George Steinbrenner ’52 is one of the most famous — and probably the most infamous — Eph of the 20th century. Perhaps predictably even in 1952 — he came in 2nd in student voting for “Shovels It Most.” Yet there haven’t been many biographies of him: his notorious personality and his interest in privacy have turned many would-be biographers aside. Within two years we have two new ones, and following hard on the heels of last year’s George: The Poor Little Rich Boy Who Built the Yankee Empire, is this year’s Steinbrenner: The Last Lion of Baseball. Bill Madden, a long-time sportswriter (on the Yankees beat) for the New York Daily News, and the author of several biographies and memoirs: all Yankee-focused. He treats his subject in a standard sports-writer format: vivid prose, strong on the anecdotes, lighter on the deep inquiry. But it’s an enjoyable read — even for those who are not Yankees fans — especially with the nice sprinkling of Eph references throughout.
Steinbrenner’s life ended on a high note: he celebrated his 80th birthday last month, saw the Yankees finally break their $2 billion, decade-long playoffs hex, and watched son Hal Steinbrenner ’91 start to earn his own headlines by banning Lady Gaga from the clubhouse. On the downside, by 2010 TV viewers could finally flip through all 900 channels at 10:00 p.m. without finding Larry David voicing him in a rerun of Seinfeld.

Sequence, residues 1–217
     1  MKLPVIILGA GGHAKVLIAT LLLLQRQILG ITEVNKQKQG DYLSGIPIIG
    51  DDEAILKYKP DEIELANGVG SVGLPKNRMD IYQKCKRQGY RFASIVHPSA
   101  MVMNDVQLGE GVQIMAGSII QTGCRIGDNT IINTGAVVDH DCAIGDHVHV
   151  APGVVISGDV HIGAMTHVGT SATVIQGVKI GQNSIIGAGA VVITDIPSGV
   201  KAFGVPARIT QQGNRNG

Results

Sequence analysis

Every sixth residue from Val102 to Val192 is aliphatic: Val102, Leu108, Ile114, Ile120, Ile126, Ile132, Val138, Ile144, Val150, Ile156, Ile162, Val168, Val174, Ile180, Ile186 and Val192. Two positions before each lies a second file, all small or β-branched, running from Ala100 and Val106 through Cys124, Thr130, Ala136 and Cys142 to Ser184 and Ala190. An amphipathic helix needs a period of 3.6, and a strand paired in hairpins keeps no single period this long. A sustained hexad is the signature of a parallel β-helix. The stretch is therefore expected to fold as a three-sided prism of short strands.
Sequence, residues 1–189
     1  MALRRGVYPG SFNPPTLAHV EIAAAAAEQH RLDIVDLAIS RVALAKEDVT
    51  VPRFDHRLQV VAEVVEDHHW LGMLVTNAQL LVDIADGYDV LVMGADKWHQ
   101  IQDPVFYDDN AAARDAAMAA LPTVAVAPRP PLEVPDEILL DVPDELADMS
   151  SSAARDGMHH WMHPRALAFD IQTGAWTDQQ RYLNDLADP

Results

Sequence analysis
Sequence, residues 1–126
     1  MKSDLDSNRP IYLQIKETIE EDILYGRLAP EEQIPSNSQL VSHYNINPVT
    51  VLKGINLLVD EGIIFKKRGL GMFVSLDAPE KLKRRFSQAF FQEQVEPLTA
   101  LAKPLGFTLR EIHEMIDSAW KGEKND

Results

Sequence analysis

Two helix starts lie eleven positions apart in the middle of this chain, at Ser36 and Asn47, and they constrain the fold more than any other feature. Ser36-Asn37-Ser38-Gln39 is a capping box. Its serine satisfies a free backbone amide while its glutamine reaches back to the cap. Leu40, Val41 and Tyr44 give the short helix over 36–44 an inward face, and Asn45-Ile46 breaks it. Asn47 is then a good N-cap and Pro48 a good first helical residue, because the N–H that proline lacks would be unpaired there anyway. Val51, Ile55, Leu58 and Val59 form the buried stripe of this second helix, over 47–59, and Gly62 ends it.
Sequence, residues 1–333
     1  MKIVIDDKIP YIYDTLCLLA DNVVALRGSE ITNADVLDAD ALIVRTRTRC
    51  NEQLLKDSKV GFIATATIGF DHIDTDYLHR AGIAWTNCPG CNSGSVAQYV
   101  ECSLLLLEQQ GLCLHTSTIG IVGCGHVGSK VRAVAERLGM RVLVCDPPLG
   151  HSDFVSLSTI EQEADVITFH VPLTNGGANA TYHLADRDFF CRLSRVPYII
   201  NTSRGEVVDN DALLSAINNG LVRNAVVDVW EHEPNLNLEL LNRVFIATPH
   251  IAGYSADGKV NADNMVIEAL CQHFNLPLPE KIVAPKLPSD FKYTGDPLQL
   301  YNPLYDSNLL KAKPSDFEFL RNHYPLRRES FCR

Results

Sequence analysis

The Last Lion of Baseball is an amalgam of the two inseparable stories of its titular figure and the Yankee teams he owned. As a season by season recap of the glamorous years of Yankee victories, it makes for a great read. Yankee partisan Madden is somewhat less interested in the down years, which shows through a little — although baseball books are always more interesting in the winning than the losing. And the story of Steinbrenner himself is excellently done. Told through anecdotes, interviews, and Madden’s own experience, the book showcases him at his best and worst, without descending into too much of the pop-psychology that often infects biographies (one exception: Madden sees in Steinbrenner’s relationship with Lou Piniella an echo of Steinbrenner’s own relationship with his father). Madden demonstrates that nothing you’ve heard about the late Yankees owner was false, simultaneously mercurial, narcissistic, maniacal, charming, caring, and charitable. Larger-than-life, indeed.
The Fourth Star, Greg Jaffe ’91 and David Cloud